"You are my sunshine, my only sunshine..."
“You are my sunshine, my only sunshine…”
Those of you who receive e-mails from me know that I frame my e-mails with ever-changing lyrics – usually classic vinyl – sometimes the words of a new artist that I heard on Spectrum. This habit is the product of 1) an intense love for rock and roll,2) the truly wonderful invention of satellite radio, and 3) a whole lot of time in the car.
The lyrics I choose may seem all over the board, but they are never randomly chosen. They are always relevant to me – or to someone I know. The signature line in my e-mail is my own personal “free expression tunnel.” (Check out the real tunnel if you are ever wandering around the campus of North Carolina State University).
The song that frames my blog today (and the song that is playing in my head) is not a rock-and-roll song, but it is relevant – to me and to a lot of people, some I know, some I don’t. I heard this song last weekend when I went to see “The Trouble with the Curve” (a great film, by the way).
I heard this song loud and clear as I was driving to Henderson, North Carolina this week. I was making my way to Vance County on a beautiful North Carolina morning to celebrate the opening of a new manufacturing facility for Semprius Inc., an innovator in high-concentration photovoltaic (HCPV) solar modules.
Semprius is headquartered in Durham and has expanded to Henderson, where it will hire 250 people to produce the world’s highest-efficiency solar modules. These modules are the first to convert more than one-third of the sun’s energy into electricity. This performance, coupled with industry-standard, low-cost microelectronics manufacturing techniques, will redefine the path to cost-competitive, sustainable generation of solar electricity.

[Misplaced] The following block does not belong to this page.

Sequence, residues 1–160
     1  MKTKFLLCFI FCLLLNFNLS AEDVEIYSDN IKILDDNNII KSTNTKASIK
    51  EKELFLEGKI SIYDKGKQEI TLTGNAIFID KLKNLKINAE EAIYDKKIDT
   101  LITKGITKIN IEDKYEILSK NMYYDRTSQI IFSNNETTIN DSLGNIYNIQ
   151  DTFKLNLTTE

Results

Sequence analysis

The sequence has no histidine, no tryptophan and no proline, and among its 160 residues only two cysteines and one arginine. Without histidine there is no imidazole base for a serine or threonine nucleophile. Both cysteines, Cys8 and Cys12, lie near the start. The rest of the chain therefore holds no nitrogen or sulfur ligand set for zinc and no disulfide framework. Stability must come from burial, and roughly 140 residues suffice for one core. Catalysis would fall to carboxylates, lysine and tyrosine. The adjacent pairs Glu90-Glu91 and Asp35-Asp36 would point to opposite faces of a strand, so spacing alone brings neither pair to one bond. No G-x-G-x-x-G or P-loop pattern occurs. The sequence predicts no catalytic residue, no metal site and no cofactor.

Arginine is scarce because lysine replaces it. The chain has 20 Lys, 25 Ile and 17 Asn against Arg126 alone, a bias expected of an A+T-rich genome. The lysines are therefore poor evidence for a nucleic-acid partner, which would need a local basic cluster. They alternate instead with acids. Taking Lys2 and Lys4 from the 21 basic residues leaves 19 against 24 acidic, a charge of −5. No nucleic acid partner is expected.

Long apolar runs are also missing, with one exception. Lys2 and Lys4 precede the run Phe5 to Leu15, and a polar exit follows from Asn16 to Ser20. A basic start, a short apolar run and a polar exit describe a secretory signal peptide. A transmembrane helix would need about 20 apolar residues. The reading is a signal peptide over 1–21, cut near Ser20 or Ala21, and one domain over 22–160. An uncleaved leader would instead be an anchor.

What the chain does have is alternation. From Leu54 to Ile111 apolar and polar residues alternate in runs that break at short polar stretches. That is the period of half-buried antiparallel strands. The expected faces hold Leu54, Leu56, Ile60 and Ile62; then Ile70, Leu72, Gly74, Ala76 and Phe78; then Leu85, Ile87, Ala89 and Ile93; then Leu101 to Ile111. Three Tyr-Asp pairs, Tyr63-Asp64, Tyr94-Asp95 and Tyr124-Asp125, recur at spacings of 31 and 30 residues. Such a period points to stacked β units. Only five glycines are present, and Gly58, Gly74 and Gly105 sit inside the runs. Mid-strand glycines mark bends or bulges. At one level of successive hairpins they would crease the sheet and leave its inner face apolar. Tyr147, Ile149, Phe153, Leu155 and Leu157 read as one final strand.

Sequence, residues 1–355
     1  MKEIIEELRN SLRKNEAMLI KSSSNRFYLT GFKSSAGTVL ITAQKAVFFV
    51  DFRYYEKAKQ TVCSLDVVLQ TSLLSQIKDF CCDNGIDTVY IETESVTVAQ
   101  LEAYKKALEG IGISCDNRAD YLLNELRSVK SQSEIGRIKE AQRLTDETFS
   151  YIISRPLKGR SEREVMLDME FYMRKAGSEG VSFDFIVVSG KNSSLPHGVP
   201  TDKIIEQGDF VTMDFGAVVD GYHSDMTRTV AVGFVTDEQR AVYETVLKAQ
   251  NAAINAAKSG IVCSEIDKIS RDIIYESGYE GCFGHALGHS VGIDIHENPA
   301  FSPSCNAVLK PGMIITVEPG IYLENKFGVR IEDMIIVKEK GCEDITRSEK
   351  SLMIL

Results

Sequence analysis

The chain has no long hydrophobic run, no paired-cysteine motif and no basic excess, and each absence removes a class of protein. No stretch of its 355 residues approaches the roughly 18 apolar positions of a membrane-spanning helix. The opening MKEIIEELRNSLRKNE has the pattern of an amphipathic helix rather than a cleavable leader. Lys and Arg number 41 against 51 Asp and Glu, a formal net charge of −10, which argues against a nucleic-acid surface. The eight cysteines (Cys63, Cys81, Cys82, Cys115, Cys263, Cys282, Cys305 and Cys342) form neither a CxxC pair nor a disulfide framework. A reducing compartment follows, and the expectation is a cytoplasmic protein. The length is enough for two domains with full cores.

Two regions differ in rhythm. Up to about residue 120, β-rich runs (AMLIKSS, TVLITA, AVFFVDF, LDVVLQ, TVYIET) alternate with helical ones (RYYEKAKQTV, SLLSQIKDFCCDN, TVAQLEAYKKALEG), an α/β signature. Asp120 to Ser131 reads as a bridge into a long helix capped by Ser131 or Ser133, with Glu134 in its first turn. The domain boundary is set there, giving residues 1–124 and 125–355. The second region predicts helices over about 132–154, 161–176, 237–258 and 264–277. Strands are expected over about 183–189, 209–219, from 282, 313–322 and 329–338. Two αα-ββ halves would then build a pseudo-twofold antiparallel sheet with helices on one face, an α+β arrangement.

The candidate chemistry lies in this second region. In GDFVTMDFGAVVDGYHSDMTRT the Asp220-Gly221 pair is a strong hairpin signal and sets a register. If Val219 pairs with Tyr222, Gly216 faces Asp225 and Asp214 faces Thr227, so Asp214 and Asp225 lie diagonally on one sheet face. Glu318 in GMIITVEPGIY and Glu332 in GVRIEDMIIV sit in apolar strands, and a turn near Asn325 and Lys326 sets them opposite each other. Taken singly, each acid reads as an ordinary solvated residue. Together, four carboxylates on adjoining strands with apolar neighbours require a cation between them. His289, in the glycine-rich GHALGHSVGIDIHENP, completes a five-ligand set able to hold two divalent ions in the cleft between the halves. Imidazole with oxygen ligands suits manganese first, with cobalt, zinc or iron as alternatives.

Take two minutes to watch a video, titled “Energy Innovations,” we made last week to introduce you to this world-changing technology (seriously, MIT said it was world changing!) and introduces you toSemprius’ very nice CEO, Joe Carr. If you watch this video, you’ll also get to meet Dr. Ewan Pritchard, another very nice man, and learn about the world-changing work going on at North Carolina State’s FREEDM Center (seriously, MIT said it was world changing, too!).
So, I left my house where I was watching the morning news, which was full of reports about economic turmoil, divisive politics and bantering about uncertain times, and made my way to Semprius, where I participated in a celebration of energy innovation, manufacturing job creation and rural prosperity. The event was sizzling with the excitement that comes from invention meeting consumer demand in the form of manufacturing a product that will create jobs and economic opportunity for individuals and change the world’s ability to convert the sun’s energy into electricity all at the same time.
It was a sunny day indeed. And that makes me happy, even when skies are gray.